When business disputes arise between Miami businesses, the resolution of those disputes can be complicated. Business disputes often involve many different moving parts, with opposing companies having different strategies and goals for getting the dispute resolved.
When business litigation is commenced, businesses must often react to different events that take place during the course of the litigation. At the same time, it helps to have a good idea of how these events will unfold, and to put in place a proactive strategy to best protect the company's interests.
As part of this strategy, parties to a lawsuit should understand the different motions they can file with the court, as well as how the court is likely to rule on those motions. In a recent intellectual property dispute, for example, a company filed a motion to dismiss an action brought against it by an artist who claimed she suffered millions of dollars in damages from the sale of pet toys she had designed.
The artist and the company had signed a licensing agreement related to the design of plush pet toys. According to the artist, the company violated the agreement by entering an agreement with another business to sell pet toys based on the Angry Birds video game. While the company claimed it owned the Angry Birds trademark, the court denied the company's motion to dismiss the case and set the matter for a jury trial. Instead of proceeding, the parties recently settled the case, although the terms of the settlement were confidential.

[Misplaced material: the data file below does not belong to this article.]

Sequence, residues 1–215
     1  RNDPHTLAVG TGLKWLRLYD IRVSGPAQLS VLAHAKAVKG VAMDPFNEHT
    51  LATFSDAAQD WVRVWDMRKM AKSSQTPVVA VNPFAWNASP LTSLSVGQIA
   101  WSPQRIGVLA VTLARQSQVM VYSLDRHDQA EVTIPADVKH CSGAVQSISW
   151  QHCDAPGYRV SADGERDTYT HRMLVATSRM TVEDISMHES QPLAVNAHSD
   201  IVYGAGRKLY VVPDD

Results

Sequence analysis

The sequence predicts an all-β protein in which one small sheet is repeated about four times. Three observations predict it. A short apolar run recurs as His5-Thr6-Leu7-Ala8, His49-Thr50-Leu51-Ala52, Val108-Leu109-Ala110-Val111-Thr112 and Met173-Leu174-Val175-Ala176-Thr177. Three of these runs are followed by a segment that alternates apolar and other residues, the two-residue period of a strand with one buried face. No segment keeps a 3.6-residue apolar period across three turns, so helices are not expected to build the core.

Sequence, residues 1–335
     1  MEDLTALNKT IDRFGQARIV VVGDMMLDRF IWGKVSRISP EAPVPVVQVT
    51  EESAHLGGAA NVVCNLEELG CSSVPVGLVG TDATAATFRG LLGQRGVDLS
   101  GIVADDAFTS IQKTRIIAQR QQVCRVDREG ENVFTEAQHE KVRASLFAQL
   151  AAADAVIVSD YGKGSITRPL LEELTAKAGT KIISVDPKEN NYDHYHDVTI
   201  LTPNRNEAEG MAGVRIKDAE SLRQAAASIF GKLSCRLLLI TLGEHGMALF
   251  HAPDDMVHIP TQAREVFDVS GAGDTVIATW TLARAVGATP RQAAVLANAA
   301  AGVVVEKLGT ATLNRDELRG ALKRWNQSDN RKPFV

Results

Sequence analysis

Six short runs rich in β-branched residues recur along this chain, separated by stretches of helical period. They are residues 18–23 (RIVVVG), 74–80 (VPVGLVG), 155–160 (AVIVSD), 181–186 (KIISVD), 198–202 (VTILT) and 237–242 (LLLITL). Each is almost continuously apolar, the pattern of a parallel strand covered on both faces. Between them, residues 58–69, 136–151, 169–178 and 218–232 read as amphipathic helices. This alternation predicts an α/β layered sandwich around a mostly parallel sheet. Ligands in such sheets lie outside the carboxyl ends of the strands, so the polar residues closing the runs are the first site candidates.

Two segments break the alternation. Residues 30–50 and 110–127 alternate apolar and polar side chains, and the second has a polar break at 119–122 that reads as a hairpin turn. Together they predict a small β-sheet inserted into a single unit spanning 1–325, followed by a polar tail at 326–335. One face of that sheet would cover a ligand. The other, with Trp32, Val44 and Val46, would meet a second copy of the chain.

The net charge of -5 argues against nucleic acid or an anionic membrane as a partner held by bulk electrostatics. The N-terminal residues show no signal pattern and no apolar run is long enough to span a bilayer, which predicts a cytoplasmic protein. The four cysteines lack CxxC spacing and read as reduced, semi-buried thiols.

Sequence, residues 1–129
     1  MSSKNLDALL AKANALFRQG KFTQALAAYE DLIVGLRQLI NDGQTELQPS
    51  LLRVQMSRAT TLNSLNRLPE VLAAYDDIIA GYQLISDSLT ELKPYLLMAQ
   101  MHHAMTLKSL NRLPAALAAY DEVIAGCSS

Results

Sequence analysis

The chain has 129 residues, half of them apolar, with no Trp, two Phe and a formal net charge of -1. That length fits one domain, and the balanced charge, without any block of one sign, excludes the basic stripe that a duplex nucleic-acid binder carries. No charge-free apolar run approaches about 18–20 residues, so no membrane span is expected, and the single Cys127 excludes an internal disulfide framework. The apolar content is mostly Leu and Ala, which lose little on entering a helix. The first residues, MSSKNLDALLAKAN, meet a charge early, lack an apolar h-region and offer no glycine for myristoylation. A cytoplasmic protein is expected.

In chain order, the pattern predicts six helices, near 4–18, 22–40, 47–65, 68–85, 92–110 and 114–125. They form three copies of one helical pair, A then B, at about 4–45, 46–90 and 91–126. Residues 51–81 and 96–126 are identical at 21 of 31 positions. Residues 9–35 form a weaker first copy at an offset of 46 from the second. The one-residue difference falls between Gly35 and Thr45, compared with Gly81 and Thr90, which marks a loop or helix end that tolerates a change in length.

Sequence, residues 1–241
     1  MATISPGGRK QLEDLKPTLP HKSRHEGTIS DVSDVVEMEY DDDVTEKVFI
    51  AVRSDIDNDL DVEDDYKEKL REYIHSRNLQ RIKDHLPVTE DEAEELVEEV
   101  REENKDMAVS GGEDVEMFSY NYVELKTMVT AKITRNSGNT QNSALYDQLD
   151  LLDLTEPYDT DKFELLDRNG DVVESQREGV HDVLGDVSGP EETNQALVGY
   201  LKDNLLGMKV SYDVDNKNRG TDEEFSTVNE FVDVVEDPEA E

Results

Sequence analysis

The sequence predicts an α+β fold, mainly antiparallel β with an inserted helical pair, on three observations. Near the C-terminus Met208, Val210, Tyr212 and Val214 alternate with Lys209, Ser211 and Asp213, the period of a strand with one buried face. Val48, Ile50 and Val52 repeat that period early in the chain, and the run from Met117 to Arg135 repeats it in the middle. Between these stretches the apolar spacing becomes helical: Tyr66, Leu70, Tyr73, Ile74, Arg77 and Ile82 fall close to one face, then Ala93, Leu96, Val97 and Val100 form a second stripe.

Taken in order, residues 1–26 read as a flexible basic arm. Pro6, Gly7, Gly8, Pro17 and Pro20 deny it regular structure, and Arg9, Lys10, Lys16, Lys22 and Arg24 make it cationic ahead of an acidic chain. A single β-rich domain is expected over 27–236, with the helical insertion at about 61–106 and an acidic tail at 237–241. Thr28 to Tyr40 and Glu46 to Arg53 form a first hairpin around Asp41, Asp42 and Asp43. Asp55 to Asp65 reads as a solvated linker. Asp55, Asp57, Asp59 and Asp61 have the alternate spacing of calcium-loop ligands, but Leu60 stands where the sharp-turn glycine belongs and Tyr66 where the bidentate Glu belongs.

The case illustrates how litigation can be a moving target. Companies may file motions with the court to ask the judge to act on business contract issues or other matters, but the parties also need to be prepared for how they should proceed if the court denies their motions. In many cases, such as the one above, the best strategy may be to settle the matter rather than proceed with the uncertainty of a jury trial. Of course, each case is different, and settlement is not always the best option.
Source: Business Insider, "Settlement reached in Seattle artist's 'Angry Birds' lawsuit," Jan. 5, 2016